It doesn’t always work perfectly.
It’s nature, right? Nature constantly experiments, throwing out mutations and anomalies that may or may not prove beneficial to the species. Some mutations continue because they advantage the species if not the ‘mutant’ individual – more on this later. Others keep happening because nothing’s perfect and, if a few anomalies don’t destroy the species, nature doesn’t care.
There are millions of genetic abnormalities. They can be caused by heredity, illness, environmental factors or plain old luck. After miscarriage, the most common reproductive anomaly is twins.
If an ovary releases more than one egg by mistake, all the mature ova can be fertilised by different sperm (one sperm each.) Each fused zygote then goes on to develop as an individual with unique DNA. They’ll be fraternal twins/triplets/etc.
If a single ovum fuses with a sperm but splits afterwards, two or more zygotes can then go on to form separate babies. They have identical DNA, because only a single fusion happened in the first place. These are identical twins/triplets. One in 250 births (well, two in one) is monozygotic twins.
Chromosome number irregularities
A human should have 46 chromosomes forming 23 pairs, but some don’t. The most prevalent aneuploidy (number error) is Down syndrome – the next four most widespread relate to the sex chromosomes, accounting for about 30 million people.
• Autosomes: chromsosomes 1-22
• Allosomes: 23, the sex chromosomes
Turner Syndrome. The second sex chromosome is missing or broken, leaving only a single X. There is no Monosomy Y because the X chromosome carries functions necessary to life. The only viable monosomy, Turner Syndrome accounts for at least 10% of all miscarriages.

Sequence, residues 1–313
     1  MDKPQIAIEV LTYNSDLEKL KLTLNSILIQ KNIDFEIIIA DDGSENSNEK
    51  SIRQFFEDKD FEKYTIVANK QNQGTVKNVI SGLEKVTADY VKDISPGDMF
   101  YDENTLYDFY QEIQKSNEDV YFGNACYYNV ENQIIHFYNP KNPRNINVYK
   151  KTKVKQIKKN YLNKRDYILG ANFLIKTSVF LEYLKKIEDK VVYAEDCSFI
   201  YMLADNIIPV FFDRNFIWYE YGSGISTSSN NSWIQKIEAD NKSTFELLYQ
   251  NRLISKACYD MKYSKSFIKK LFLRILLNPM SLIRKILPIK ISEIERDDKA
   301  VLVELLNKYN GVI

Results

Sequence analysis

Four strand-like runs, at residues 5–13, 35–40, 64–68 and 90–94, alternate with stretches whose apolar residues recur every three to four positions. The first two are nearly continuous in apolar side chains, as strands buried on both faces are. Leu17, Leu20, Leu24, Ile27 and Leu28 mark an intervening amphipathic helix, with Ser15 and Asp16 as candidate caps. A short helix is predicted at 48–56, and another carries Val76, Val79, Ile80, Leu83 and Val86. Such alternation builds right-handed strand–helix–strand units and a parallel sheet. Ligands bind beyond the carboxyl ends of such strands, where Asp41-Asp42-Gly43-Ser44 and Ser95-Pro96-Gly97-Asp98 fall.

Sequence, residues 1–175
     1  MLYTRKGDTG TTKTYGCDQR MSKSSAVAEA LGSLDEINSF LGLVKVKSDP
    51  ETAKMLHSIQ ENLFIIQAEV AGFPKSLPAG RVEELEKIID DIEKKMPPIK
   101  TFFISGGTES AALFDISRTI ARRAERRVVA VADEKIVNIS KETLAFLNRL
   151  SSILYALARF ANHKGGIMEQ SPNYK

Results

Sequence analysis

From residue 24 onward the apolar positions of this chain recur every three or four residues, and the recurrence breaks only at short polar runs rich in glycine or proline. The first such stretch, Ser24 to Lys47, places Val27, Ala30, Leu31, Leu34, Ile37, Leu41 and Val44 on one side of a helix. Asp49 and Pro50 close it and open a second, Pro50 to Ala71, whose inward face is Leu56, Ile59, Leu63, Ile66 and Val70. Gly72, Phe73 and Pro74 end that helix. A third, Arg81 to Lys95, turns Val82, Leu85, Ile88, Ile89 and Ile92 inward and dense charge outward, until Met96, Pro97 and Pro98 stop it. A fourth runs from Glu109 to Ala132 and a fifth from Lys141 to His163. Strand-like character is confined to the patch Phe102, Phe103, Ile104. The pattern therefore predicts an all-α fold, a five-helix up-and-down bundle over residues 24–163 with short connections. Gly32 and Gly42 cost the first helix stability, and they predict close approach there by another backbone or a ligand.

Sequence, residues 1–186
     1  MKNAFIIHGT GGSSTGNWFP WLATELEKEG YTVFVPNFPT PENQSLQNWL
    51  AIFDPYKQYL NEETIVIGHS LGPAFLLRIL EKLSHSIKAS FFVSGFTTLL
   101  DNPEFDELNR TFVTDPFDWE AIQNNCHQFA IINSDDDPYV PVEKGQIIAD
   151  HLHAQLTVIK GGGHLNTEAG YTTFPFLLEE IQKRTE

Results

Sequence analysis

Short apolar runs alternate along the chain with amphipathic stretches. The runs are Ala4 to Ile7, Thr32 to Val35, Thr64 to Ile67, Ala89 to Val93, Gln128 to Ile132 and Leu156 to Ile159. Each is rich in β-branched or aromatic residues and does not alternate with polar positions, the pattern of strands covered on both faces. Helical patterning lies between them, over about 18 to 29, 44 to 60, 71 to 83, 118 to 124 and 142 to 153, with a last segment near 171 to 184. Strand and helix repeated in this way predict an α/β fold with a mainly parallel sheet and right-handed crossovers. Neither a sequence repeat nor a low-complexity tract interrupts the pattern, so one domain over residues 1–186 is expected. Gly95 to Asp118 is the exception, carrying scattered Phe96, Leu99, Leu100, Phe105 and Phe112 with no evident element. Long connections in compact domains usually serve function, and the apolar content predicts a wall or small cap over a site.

Girls born with Turner’s have developmental issues, which can be dealt with these days although incomplete sex organs mean they won’t be able to get pregnant normally; some can use IVF. Turner’s women are likely to have a shorter than average life span.
Most girls with Triple X Syndrome go undiagnosed and live normal, healthy lives. Like the other sex-chromosome trisomies, XXX tends to confer added height. Some developmental delays and skeletal problems may be present.
Klinefelter Syndrome, the second most prevalent trisomy after Down Syndrome. This is one of the very few genetic abnormalities that could be called a gender identity disorder – but that would be a stretch. It’s the most common sex chromosome disorder in humans, and millions of XXY men are quite happy with their Y chromosomes.
Boys with Klinefelter’s tend to grow taller than their siblings. They may have developmental delays, some female-type characteristics, and suffer many health difficulties which can be treated. They have incomplete sexual development and can’t reproduce normally, but doctors are often able to extract viable sperm.
Many XXY males go undiagnosed until they seek treatment for symptoms. A few are more comfortable with a ‘sex change’ to live as women. These people may also have a gene expression issue, which we’re coming to later.
Jacobs Syndrome. XYY boys grow taller than their siblings. There may be some developmental delays or learning difficulties, but in general this abnormality causes no problems. Like Triple-X, it mostly goes unnoticed.
Down Syndrome. Caused by an extra copy of Chromosome 21, Down’s is the only fully viable autosomal trisomy. It brings developmental and health problems, which can be managed. Fertility is often impaired but between 30% – 50% of people with Trisomy 21 are able to have children.
This abnormality is incompatible with life. It’s the second most common chromosomal cause of miscarriage after Turner syndrome. If only some of the cells have an extra Chromosome 16, the foetus may survive – often with serious defects.
- Each of the above occurs in about 1/1,000 pregnancies.
- Tetrasomies +
Further sex-chromosome aneuploidies (wrong numbers) are much rarer, extended versions of those described above. Wikipedia links: Tetrasomy XXXX | XXYY Syndrome | Pentasomy XXXXX | XXXXY. These abnormalities come with severe health issues and infertility, although some quadruple-X women get away without symptoms.